Electronic Evidence in Canada
by Graham Underwood and Jonathan Penner
published by Carswell 2010-1-30
“A helpful reference for those dealing with issues arising from the production and use of ESI in litigation process.”
In the preface to the book, Penner and Underwood point out that guidance about the admissibility of electronic evidence is currently lacking in Canada and set out to remedy this situation with an commendable textbook on the nature of electronically stored information (ESI), its management both before litigation and once litigation commences, and its admissibility as real, documentary and demonstrative evidence.
Government lawyers and corporate counsel will appreciate the sections on the management of ESI from a lawyer’s perspective. There are excellent sources on information and records management in the marketplace, but these tend to be written by people in the information management and technology area: this book covers the fundamentals from a lawyer’s perspective and training. I did appreciate the inclusion of the different types of metadata (system, substantive and embedded) since these terms are often inconsistently explained and frequently muddled.
The treatment of the disclosure of electronic information should also interest investigative agencies designing systems that capture and store information gathered during investigations, since they must anticipate not only the needs of their staff but also those of the Crown and the defence.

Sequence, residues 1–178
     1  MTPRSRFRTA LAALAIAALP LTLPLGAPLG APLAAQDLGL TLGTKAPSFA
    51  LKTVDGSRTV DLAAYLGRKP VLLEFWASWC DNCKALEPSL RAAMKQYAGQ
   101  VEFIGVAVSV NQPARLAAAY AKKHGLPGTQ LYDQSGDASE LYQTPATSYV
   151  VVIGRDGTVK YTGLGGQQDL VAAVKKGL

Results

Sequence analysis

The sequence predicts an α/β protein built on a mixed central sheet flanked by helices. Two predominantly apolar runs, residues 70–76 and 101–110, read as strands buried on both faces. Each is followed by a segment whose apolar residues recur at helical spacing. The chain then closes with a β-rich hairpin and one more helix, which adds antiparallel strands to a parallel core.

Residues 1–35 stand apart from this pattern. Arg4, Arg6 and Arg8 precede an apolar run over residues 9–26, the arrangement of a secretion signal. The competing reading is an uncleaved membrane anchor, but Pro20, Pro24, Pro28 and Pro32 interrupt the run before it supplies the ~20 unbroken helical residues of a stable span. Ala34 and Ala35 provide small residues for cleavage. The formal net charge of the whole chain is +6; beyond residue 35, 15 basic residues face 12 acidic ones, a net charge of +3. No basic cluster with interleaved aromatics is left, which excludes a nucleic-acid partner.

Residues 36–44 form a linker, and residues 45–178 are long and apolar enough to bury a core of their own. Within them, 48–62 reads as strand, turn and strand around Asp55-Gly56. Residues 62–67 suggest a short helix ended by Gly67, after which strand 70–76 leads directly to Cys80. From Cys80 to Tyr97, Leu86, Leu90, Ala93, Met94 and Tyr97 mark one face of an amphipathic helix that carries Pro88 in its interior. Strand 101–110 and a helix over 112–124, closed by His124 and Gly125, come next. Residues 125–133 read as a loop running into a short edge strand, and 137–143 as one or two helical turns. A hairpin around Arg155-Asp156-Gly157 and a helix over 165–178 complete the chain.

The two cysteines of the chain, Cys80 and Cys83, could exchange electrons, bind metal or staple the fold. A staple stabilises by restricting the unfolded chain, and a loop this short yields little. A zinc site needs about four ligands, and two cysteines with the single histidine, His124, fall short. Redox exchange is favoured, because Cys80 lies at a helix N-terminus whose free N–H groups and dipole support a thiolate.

Although the discovery and production of ESI have been covered in other texts as well as in The Sedona Canada Principles Addressing Electronic Discovery, the last part on admissibility presents the issues and challenges for what may be the first time. It’s aimed at lawyers and judges and delivers the order and analytic rigour promised in the preface. I would have welcomed more illustrations using different types of ESI in different situations to help explain the concepts.
It’s not often that a book review will enthuse about the Table of Contents and the overall organization of the text, but I found them very good for helping to locate information on specific topics. This is what you want and expect in reference text, but too often don’t get. There’s a well-organized index at the back organized more by legal concepts than by occurrence of the word, and a Table of Cases in the front.
Jonathan Penner and Graham Underwood are counsel at the British Columbia Ministry of Attorney General and both well-seasoned litigators.
- Buy Recommendation:
- Who should buy? Courts, litigators, inside counsel at large corporations and government agencies, prosecution and defence counsel, counsel advising police forces and agencies with police powers
- Better Buys: None
- Websites: None
- New Media Rating: -